The great thing about these games, especially the Unlock series (not really the Exit: The Game one I have played) is that, although they can only be played once, they can then be passed on. You complete the game and you pass it on as a gateway game to someone else. This introduces new people to the wonderful tabletop game world in which we live.


To put it simply, escape card games do not have the atmosphere. This is not a fault of the game, but rather it is a fault of the environment. You play them around a table and this means you are not in the room you are escaping from. This means it can sometimes be hard to go along with the theme.

Going along with the theme is also difficult to do when the puzzles are not theme based. We have played two of the games now (one Unlock and one Exit) where the puzzles, in order to make sense within the physical game, took away from the theme. This included colour puzzles to do with paint splats in the Ancient Egyptian tomb, for instance. It took us out of the theme, making us very aware it was a game.

Oddly, the game we played that didn’t try to be realistic did the best job in keeping us enthralled. It was about a mad scientist and great fun to play.

The other con is that more guesses have to be made as the puzzles are harder and, often, open to interpretation. In one of the games, we had one puzzle where we had to use the box insert to solve the puzzle which was a cool concept, but again took us out of the game. There was also no clue to the fact we had to use the box, which had us searching for ages as it hasn’t been used thus far. It was a new concept, brought into the game with zero explanation. We had to use hint cards to understand what it is we needed to do.

Finally, there is no timer to some of the games, and others use an app. This means the adrenaline doesn’t flow and it, generally speaking, isn’t as exciting. Where it was exciting, the app stopped working and glitched. This was hugely frustrating.


As I mentioned at the start, I have done three Escape the Room live experiences now and three Escape card games. I have to admit, I enjoyed 3/3 experiences, but only 1/3 of the games. They are an acquired taste, but I would have to recommend the experience over the card game.

That being said, the card games have their place. They can be very fun and they can be a great team experience in and of themselves. They can also act as a gateway game. The problem is they can also be very frustrating and that is irritating. This is because they don’t always represent the puzzles in such an obvious way to make it known they are solutions. Images aren’t always clear. Boxes aren’t always pointed to (yes, I am dwelling on that).

All in all, everyone will have their own preference and I am very aware of the fact I am speaking my own opinion.

I would be interested to hear from other people who have played either the card game or had the live experience, and what you thought of either/both. Let me know in the comments below.




  1. I’ve done around 5 real life escape rooms, and I’ve also done four Unlock! games with my girlfriend. I’ve enjoyed all but one of the real escape rooms, and I had good times with two of the Unlock! games, with the other two being great.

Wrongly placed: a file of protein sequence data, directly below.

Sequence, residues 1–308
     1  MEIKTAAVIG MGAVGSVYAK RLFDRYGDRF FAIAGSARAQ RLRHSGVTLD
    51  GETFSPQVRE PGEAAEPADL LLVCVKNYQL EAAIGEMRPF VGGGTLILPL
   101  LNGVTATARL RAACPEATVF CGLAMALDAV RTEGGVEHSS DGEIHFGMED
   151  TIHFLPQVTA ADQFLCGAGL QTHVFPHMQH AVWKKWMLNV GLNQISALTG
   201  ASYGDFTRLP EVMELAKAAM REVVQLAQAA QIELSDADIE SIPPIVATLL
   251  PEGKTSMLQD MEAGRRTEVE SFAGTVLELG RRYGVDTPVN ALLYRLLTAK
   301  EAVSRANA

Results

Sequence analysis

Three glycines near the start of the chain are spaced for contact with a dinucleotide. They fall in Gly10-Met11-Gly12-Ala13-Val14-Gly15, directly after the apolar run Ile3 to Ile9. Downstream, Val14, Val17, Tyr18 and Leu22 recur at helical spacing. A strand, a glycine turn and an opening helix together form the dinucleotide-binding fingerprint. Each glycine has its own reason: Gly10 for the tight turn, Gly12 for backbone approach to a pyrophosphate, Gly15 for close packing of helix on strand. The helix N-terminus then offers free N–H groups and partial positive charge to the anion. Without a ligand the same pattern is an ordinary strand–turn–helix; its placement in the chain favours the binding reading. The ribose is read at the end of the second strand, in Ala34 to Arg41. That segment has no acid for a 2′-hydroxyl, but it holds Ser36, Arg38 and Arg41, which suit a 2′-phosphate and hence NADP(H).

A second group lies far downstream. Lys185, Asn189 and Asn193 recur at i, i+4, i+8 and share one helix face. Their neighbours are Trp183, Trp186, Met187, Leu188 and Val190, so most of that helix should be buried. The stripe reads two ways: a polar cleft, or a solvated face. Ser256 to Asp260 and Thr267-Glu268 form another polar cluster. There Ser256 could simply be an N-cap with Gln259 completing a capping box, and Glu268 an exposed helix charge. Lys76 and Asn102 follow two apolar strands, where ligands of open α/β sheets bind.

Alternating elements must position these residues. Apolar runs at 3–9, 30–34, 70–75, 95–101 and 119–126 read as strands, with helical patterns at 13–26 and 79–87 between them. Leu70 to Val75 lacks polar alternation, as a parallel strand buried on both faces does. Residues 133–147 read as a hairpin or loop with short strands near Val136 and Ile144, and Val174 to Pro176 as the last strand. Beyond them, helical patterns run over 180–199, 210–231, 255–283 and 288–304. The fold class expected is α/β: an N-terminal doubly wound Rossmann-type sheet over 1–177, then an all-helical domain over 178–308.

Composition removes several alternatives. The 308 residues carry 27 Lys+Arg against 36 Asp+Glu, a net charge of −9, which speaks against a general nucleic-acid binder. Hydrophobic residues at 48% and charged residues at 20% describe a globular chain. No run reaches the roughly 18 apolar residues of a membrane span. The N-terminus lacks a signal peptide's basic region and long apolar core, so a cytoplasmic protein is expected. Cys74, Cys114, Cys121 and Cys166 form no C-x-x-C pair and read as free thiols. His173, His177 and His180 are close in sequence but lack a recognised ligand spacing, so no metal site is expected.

Ultimately, I agree that escape rooms offer much more immersion than do the board game versions, but they come at a substantially higher price (around three to four times more expensive than an Unlock! game in Australia, and that’s if you only go to the room with two people!). As you’ve also pointed out, escape rooms involve travel too, and sometimes this can be a large inconvenience.

    I think there’s more than enough room for both, and I for one welcome this new wave of games. On a side note, have you tried out T.I.M.E Stories?

    Liked by 1 person

    • Yeah, similar problem here. Four of us can play a game version for £12, but it costs £44 to go for the experience version for the same number of people. I’m actually toying with the idea of buying one to play solo, just as a kind of evening brain teaser.

      I have played TIME Stories, and I loved it. We played the first one, just myself and my partner, before buying the first expansion. Since then however it has sat on our shelf and we haven’t played it yet.

      I guess it is because, as amazing as it is, it can be a mentally draining game to play.

      I’m guessing you’ve played it. What’s your take on it?


      • My girlfriend and I have played the first two, and we had a blast both times. We certainly did feel that the first one was stronger, but the second one has its charms as well. It certainly can be both time and mentally consuming though.


  2. I’ve not heard of this sub-genre before. Are the EtR games able to be played more than once each? It sounds like they’re “one and done” due to the nature of puzzles and puzzle solving, or is there enough (presumably) randomised content to play through more than once?

    Liked by 1 person

    • Ahh a good question and point. No, they tend to be fire and forget. Namely, each game can be played once and once only. Unlock has three games in the box. Exit games tend to have just once, and also seems to include tearing up components/drawing on things.

      What this has done is create a culture around Escape games where they are played and then passed on. They can be an interesting way of getting non-gamers into gaming, and the right one can turn someone into a gamer for life. Unfortunately, the wrong one can put people off for life. It’s a tricky balance.

      Liked by 1 person

  3. My wife did an escape room for her bachelorette party and really enjoyed it but I’ve never done one. Oddly, I imagine the board game wouldn’t be as fun but I’d be more willing to try it than an actual escape room. Escape rooms don’t look all that fun to me, but maybe it would be different if I was actually there.

    Liked by 1 person